Deaths caused by postoperative hydration

ASHP: “ Standards Needed for Postoperative Hydration Therapy, ISMP Says – BETHESDA, MD 13 August 2009—Investigations into the deaths of two six-year-old children have prompted the Institute for Safe Medication Practices (ISMP) to call for the establishment of standards of practice for i.v. hydration therapy in postoperative patients.

According to today’s issue of ISMP Medication Safety Alert!, a six-year-old girl who underwent tonsillectomy and adenoidectomy died after receiving 5% dextrose in water at 200 mL/hr for 12 hours. The postoperative orders had stated “1000 cc D5W – 600 cc q8h,” but the pharmacist entered an incorrect infusion rate into the electronic medication administration record. This error was not noticed until a pediatrician, consulted by the surgeon because the girl had a grand mal seizure, recognized that the patient had signs of hyponatremia and water intoxication. The patient had had seizure-like activity earlier in the day, but the surgeon, contacted by telephone, attributed those episodes to a reaction to promethazine even though the nurses had expressed doubt.

In the other case, according to ISMP, a six-year-old boy who underwent surgery to correct a malformation in his aorta died after nurses dismissed his parents’ concerns about their son becoming increasingly less responsive on the second postoperative day. The physician had prescribed an infusion of a sodium chloride solution because the boy’s serum sodium concentration had dropped subsequent to treatment with diuretics. No sodium chloride infusion was documented in the medication administration record, however. The nurses attributed signs of hyponatremia to the patient receiving hydromorphone for pain relief and being “fidgety” from pain.”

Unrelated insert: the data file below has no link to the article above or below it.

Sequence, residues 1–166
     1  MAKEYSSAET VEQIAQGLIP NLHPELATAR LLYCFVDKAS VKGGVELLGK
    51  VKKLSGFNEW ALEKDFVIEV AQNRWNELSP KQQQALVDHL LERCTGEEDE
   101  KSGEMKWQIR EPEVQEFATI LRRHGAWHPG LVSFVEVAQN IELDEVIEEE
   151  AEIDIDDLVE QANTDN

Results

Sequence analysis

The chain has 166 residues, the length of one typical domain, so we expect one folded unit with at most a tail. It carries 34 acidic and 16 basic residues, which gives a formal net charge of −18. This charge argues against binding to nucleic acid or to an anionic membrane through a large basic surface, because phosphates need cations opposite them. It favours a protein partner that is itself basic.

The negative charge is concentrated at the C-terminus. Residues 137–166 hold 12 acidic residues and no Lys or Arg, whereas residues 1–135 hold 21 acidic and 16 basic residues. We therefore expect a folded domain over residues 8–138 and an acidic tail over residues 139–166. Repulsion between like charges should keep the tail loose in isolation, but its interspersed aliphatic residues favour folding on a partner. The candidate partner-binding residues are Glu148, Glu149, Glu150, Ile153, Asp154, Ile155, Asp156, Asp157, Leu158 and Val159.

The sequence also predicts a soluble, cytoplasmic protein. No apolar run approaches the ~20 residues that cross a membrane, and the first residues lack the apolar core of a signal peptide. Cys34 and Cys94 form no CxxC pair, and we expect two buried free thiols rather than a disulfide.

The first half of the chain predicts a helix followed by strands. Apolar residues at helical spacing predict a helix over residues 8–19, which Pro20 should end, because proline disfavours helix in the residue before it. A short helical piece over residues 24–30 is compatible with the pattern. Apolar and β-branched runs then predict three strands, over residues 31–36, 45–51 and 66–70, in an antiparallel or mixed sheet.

Hyponatremia is basically the result of excess water (case #1 above) relative to sodium and is one of the most common electrolyte abnormalities in hospitalized patients. The condition can cause significant morbidity and mortality. Unfortunately incorrectly treating the condition can be dangerous as well (case #2 above).

Signs and symptoms of hyponatremia are directly related to the central nervous system and include anorexia, nausea, lethargy, headache, apathy and muscle cramps. In severe cases, symptoms worsen and can advance to seizures, brain damage, and even death secondary to cerebral edema.

Treatment of hyponatremia can be quite controversial as aggressive replacement can lead to osmotic demyelination syndrome (i.e. central pontine myelinolysis); a painful and potentially deadly condition. Unfortunately the brain responds rapidly to a fall in plasma osmolality, but slowly to correction. Complete restoration of solutes in the brain may require up to 5 to 7 days. For this reason, aggressive sodium replacement should be limited to severe cases and patients should be closely monitored for several days following aggressive treatment for hyponatremia.

Tragedies like those mentioned above should, in theory, never occur. We continue to develop guidelines and technology to prevent such mistakes from ever happening, but will never be able to eliminate the “human factor” so blatantly described above. Our best hope is to create a system that decreases the occurrence of errors and minimizes damage when they occur.

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